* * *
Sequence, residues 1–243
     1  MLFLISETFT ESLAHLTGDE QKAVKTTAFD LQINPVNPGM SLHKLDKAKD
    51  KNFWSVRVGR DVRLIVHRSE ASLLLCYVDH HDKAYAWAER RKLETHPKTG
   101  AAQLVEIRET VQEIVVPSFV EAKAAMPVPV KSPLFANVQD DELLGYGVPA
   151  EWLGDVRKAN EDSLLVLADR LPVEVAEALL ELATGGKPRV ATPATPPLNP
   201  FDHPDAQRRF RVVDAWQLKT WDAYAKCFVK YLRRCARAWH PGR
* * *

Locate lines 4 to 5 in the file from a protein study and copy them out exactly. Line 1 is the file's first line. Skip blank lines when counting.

   101  AAQLVEIRET VQEIVVPSFV EAKAAMPVPV KSPLFANVQD DELLGYGVPA
   151  EWLGDVRKAN EDSLLVLADR LPVEVAEALL ELATGGKPRV ATPATPPLNP